For years it has been the contention of many jazz critics that the long career of Count Basie fell into two distinct periods. The first and best, they argue, was during the '30s and '40s, when his big band featured such performers as Lester Young, Jo Jones and Freddie Green; its style was light, witty, swinging yet never merely loud. The second was from the '50s until his death in 1983, a period when the musicians in his band were less distinctive and its style, in their view, tended to be loud and ponderous.
This has always seemed to me a misjudgment of the second Basie band -- could anyone possibly call "L'il Darlin' " ponderous? -- but it is certainly a convenient way to assess "Good Morning Blues," Basie's posthumous autobiography. Its first half, covering the apprenticeship on the road, the critical years in Kansas City with Benny Moten, and the formation of Basie's own first band, is as impish and sprightly as a Basie piano solo; its second half, by contrast, covering the years of his ever-growing success and acclaim, is a recitation of itineraries, recording dates and personnel changes that has all the pep of a Lawrence Welk seniors' hop.
So let's concentrate on the first half and forget the second. In the first 200 pages Basie tells the story, well known to jazz lovers, of his upbringing in the New Jersey town of Red Bank and his escape from it as a teen-ager. What is less well known is that as a young man Basie was less interested in music than in show business, and that his early experience was in vaudeville and burlesque, playing piano behind comedians and singers and other performers. Not really until 1929, when he had been in show business for a decade, did Basie become "more and more tied up with music itself and less and less concerned with show business and entertainment in general."
Kansas City is where the transformation took place, first when he played with a band called the Blue Devils and then when he managed to insinuate his way into the Moten band, which "was number one throughout that part of the country." Moten himself was a pianist, and for Basie to "connive" his way into the band took a lot of pluck and luck; he succeeded, and ever after regarded it as the most important moment of his career, both because he received invaluable musical experience and because it paved the way for his emergence as a band leader in his own right.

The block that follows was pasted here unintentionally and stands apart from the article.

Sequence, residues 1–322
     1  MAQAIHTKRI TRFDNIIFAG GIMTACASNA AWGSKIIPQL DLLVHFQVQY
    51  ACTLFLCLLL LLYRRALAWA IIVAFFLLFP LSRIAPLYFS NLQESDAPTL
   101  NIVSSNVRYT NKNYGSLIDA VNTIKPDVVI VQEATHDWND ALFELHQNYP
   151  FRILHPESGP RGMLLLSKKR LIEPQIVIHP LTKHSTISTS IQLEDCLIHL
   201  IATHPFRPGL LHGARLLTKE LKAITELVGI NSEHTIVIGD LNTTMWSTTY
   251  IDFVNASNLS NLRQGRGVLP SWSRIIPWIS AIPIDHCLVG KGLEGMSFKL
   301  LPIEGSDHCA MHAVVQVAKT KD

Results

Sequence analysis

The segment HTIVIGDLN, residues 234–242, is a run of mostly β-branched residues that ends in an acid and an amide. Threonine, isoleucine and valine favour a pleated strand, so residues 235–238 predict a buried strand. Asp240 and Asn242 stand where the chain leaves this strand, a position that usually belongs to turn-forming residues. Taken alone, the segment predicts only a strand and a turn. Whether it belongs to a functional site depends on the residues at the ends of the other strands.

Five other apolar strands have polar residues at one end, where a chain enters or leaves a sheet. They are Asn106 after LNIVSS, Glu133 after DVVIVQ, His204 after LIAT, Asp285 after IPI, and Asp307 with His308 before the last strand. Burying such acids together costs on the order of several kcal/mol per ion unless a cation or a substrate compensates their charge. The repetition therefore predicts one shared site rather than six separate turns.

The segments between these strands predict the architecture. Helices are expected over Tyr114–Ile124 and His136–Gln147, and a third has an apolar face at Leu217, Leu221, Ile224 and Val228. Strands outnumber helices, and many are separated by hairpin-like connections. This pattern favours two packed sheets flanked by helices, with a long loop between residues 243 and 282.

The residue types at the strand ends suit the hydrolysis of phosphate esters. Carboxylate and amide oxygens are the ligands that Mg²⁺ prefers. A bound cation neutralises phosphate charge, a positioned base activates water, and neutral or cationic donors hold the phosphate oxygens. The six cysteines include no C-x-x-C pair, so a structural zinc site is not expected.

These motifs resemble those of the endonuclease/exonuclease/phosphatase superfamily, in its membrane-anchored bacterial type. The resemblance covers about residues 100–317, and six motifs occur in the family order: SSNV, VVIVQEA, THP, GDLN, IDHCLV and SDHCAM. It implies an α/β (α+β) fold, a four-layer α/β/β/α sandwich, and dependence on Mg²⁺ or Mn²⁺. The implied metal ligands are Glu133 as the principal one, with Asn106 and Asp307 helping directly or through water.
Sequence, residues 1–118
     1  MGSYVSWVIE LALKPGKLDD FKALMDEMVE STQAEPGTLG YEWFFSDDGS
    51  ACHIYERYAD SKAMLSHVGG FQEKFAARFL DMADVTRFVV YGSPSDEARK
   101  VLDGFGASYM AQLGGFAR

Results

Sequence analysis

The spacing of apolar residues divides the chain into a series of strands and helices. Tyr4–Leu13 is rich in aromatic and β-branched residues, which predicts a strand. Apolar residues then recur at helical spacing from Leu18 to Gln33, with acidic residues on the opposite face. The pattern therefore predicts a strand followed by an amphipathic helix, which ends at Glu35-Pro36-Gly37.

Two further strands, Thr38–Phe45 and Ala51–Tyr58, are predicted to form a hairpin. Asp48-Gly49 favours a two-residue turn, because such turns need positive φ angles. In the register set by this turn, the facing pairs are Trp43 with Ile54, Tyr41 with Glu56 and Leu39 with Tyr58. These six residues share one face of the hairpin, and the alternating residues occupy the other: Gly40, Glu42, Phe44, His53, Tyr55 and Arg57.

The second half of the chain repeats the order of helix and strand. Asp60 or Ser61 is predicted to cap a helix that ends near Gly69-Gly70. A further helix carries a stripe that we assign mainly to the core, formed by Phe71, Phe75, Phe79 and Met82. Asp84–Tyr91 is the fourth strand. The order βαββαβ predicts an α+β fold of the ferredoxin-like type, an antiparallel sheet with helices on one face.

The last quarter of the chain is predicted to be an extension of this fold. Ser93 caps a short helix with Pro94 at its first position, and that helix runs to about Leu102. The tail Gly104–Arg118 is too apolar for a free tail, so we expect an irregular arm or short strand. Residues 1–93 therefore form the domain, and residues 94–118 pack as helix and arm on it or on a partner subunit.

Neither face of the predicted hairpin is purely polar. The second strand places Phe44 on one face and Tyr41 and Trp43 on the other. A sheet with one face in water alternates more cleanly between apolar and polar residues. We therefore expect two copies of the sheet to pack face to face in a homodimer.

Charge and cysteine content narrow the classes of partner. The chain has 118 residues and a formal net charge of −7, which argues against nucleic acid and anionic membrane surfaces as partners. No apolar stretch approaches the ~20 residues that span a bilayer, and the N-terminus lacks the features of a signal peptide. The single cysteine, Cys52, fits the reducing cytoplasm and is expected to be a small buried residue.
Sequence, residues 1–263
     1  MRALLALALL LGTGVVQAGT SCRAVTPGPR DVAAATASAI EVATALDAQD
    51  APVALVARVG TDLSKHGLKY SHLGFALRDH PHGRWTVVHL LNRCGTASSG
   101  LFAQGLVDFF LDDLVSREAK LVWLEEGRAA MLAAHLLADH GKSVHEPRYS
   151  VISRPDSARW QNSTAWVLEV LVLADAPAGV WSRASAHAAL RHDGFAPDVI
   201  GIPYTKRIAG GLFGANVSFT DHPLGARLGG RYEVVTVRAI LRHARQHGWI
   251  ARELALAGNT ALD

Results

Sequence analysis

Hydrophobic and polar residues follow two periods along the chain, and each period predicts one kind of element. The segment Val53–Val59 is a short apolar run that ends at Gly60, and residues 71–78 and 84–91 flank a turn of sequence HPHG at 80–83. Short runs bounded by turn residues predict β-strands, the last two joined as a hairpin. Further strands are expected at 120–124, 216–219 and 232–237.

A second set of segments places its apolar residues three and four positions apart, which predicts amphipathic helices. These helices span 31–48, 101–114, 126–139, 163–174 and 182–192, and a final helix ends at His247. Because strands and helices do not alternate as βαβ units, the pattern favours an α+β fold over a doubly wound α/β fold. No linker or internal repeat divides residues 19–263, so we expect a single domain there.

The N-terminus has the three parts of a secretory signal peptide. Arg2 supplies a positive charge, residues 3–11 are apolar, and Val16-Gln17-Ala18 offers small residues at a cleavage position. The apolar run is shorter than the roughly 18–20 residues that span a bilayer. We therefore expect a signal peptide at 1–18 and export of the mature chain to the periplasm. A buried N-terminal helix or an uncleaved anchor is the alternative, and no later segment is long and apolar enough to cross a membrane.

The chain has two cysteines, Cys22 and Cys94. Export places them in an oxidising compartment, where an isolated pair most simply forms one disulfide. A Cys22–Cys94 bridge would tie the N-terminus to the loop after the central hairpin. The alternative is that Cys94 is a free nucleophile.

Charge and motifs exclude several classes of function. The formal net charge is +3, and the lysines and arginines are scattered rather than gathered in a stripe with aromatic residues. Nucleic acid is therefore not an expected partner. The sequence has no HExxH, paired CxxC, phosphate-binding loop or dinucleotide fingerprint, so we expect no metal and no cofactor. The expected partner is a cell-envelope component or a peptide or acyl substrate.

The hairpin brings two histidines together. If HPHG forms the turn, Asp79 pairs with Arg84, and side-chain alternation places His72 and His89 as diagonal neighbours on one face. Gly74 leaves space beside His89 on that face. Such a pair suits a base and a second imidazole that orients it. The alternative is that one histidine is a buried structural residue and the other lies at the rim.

When Basie describes this long apprenticeship, the book positively sparkles. He loved the camaraderie he found, in burlesque and music alike, and he writes with palpable affection of the people, famous and otherwise, whom he met along the way. He reserves particular enthusiasm for his accounts of those occasions, now long since lost in jazz history, at which musicians and/or bands competed against each other, each attempting to "chop" the other. One such competition took place when Basie happened to wander into a bar in Ohio:
"I don't know why I sat down at that piano. We were all in there to get a little taste and a little snack, and the piano was there. But it was just sitting there. It wasn't bothering anybody. I just don't know what made me do what I went and did. I went over there and started bothering that piano. I just started fooling around with it, and then I started playing and messing around. And what did I do that for? That was just asking for trouble, and that's exactly what I got. Because somebody went out and found Art."
Art was the fellow whose hangout this bar happened to be, and when he entered the room young Basie "got my personal introduction to a keyboard monster by the name of Art Tatum." By the time Tatum had done his number, Basie was wasted. "I could have told you," a woman at the bar said. "Why didn't you, baby?" Basie asked. "Why didn't you?"
The first half of "Good Morning Blues" is packed with fine stories such as this, told in a wry, sly prose that sounds for all the world like Basie himself at the keyboard. He met most of the greats before they became famous, played with or against them, and loved them all, most especially Fats Waller ("He would have on his tuxedo and a new straw hat, and I never will forget how fine he looked and how good it felt just to be around him") and Duke Ellington: "He was something. He was colorful. Oh, I love him. He was the man. Oh, he was some kind of man. All down the years, I used to go and listen to him, and I knew exactly where he was, because I could feel him."
That Basie retained this affection and enthusiasm for other musicians long after he had become a jazz monument himself is ample evidence of his great and good heart. But the best evidence of all is his music, preserved for all time on hundreds of incomparable recordings. What he said of Ellington can be said as well, and as fervently, of him: ". . . thank God the music is still here for us."